Our hostel called Hogwartz(!) and located just on the edge of the city centre provided us with a very comfortable double-room. Better still, we were located within five minutes' walk of South Island's most famous and revered brewery, Speights. Inevitably we wasted no time in booking an evening brewery tour...

Founded in 1876, Speights Brewery has a colourful history which includes seeing off at least a dozen other breweries in Dunedin, and demands for prohibition.

The tour itself was interesting and informative, covering everything from the first recorded references to brewing (by the ancient Egyptians), to Captain Cook's introduction of brewing to New Zealand, and the evolution of the Speights Brewery itself.


The dying art of the cooper


Pre-war copper brewing vessels are still used today

Naturally, the highlight of the evening was the chance to sample each of Speight's various products... Cheers!

Thursday 25

Another rest and 'catch-up' day today, getting mundane stuff like laundry and shopping out of the way (it's not all adventure, this travelling lark). Time to give the city beyond the brewery a more thorough investigation.

As its name might suggest, Dunedin has a heavy Scottish influence and was named in a tribute to Edinburgh by early Scottish settlers. The heritage is still obvious today through the abundance of shops selling kilts, tartan and other Scottish paraphernalia; even Haggis is available here.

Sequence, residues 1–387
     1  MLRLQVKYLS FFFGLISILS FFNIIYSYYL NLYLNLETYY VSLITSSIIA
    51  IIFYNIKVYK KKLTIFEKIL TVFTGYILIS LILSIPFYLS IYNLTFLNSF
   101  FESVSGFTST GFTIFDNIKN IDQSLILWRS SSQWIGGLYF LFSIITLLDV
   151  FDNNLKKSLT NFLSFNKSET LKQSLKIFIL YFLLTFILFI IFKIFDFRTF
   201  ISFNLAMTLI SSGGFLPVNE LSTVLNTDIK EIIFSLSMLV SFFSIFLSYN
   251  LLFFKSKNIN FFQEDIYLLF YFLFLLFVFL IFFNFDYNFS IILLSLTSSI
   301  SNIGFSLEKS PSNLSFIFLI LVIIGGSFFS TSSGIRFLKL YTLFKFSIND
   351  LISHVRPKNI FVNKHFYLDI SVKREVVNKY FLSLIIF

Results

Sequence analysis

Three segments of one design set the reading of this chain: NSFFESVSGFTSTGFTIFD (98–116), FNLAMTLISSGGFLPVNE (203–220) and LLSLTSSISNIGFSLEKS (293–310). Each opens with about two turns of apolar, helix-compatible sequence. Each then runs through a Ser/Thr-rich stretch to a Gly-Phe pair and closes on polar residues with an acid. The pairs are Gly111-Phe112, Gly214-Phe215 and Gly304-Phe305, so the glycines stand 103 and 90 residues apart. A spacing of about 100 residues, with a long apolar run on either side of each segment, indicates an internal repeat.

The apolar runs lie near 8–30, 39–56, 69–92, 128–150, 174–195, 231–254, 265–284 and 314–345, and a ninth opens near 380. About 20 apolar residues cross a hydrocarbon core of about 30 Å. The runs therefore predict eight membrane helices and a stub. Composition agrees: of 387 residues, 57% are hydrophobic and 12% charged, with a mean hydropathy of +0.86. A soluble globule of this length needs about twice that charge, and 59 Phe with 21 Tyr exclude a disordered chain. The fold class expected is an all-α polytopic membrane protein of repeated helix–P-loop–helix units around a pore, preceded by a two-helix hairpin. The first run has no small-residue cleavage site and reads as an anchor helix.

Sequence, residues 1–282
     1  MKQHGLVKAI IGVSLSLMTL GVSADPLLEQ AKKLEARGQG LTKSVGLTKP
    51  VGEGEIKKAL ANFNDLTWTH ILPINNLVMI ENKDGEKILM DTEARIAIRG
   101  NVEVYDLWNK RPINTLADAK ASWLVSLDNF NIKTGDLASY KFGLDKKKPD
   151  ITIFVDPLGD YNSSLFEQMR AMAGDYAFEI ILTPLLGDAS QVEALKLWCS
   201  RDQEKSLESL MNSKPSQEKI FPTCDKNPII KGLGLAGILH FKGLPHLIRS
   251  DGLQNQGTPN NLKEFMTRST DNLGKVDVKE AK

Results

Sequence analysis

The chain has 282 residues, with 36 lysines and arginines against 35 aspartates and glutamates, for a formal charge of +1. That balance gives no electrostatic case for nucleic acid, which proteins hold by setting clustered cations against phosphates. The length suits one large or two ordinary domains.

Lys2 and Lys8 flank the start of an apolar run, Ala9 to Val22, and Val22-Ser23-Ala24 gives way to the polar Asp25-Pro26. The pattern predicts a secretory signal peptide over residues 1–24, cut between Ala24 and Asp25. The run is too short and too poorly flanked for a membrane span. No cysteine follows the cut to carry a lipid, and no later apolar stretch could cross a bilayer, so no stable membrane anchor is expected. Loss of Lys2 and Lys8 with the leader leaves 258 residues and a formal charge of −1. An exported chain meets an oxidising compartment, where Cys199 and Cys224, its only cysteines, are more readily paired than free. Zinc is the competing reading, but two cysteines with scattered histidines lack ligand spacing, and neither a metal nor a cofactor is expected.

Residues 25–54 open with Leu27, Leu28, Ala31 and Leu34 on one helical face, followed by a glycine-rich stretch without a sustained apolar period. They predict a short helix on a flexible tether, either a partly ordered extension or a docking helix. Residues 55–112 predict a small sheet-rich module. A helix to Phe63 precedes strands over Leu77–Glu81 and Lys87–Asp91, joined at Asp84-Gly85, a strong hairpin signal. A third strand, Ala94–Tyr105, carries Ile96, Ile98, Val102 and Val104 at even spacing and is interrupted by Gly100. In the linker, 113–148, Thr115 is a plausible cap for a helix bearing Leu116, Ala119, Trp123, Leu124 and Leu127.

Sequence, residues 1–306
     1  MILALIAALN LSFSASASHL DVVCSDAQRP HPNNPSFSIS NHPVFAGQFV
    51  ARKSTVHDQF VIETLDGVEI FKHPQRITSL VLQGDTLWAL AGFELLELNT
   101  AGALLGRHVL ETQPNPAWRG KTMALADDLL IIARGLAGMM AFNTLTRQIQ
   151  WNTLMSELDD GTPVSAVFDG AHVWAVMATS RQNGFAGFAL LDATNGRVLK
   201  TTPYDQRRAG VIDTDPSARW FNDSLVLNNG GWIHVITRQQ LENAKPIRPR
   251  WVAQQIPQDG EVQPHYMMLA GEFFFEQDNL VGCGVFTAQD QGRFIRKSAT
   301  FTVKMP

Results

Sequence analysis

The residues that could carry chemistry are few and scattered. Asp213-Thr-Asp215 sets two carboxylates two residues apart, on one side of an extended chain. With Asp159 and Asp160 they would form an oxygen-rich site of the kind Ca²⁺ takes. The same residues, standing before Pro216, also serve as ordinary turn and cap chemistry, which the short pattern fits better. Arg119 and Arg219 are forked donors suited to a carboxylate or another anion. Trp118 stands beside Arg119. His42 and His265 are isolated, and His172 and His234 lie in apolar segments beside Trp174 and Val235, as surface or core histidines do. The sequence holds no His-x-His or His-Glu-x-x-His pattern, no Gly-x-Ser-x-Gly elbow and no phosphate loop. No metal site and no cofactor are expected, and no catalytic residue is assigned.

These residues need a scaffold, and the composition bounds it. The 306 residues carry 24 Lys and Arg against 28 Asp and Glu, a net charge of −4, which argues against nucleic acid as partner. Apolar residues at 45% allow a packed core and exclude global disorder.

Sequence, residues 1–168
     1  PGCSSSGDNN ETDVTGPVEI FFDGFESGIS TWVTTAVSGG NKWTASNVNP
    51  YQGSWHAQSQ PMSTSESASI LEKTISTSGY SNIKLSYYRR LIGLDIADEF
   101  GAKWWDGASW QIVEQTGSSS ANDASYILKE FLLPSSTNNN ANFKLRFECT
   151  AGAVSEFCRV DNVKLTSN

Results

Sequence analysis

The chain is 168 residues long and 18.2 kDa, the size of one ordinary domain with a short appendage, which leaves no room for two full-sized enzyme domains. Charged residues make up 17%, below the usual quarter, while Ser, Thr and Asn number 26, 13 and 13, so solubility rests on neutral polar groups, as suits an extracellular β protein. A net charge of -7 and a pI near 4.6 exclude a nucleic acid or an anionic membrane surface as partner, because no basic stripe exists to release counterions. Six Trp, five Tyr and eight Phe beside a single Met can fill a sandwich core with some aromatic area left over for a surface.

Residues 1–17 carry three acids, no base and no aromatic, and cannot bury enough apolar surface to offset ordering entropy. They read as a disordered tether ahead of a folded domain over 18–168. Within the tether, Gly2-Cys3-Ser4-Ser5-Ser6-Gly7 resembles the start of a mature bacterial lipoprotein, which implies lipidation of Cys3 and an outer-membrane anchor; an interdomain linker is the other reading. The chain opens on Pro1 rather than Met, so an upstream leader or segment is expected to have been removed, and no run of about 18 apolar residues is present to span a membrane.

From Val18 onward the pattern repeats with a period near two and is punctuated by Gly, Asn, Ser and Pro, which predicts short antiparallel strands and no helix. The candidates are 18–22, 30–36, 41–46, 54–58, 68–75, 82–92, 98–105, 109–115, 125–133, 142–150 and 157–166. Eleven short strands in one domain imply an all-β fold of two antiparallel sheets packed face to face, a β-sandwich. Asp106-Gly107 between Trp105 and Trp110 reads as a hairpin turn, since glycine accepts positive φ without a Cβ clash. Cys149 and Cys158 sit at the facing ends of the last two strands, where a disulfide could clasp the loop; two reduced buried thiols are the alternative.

Whereas many cities are laid out around a central square, Dunedin has a pleasantly landscaped octagon at its centre, surrounded by fashionable bars restaurants and cafes. The exhaustive shopping streets lead away in each direction.

Apparently, Dunedin's aesthetically pleasing railway station is the most photographed building in New Zealand, but when we saw it, it seemed to be covered in scaffolding and green netting. Oh well.

A long afternoon's blogging was rounded off with further refreshment at Speights Ale House (next to the brewery).

Friday 26 May

Not far from Dunedin lies Taiaroa Head, home to the only mainland breeding colony of albatrosses in the world. Going to see these rare birds seemed like a good way to spend a Friday morning, but we hadn´t anticipated the lengthy car journey (no petrol stations on the way!) to the tip of the Otago Peninsular. With winter well underway the morning was cloudy, grey and rainy but after an entertaining and informative talk about the lifecycle of the albatross we climbed the wet and windswept hill to the colony. Alas, the only obvious albatross was a solitary chick nestled on a path on the hillside (too far away to take a decent picture) but our patience was rewarded by a brief flypast; apologies for the picture quality!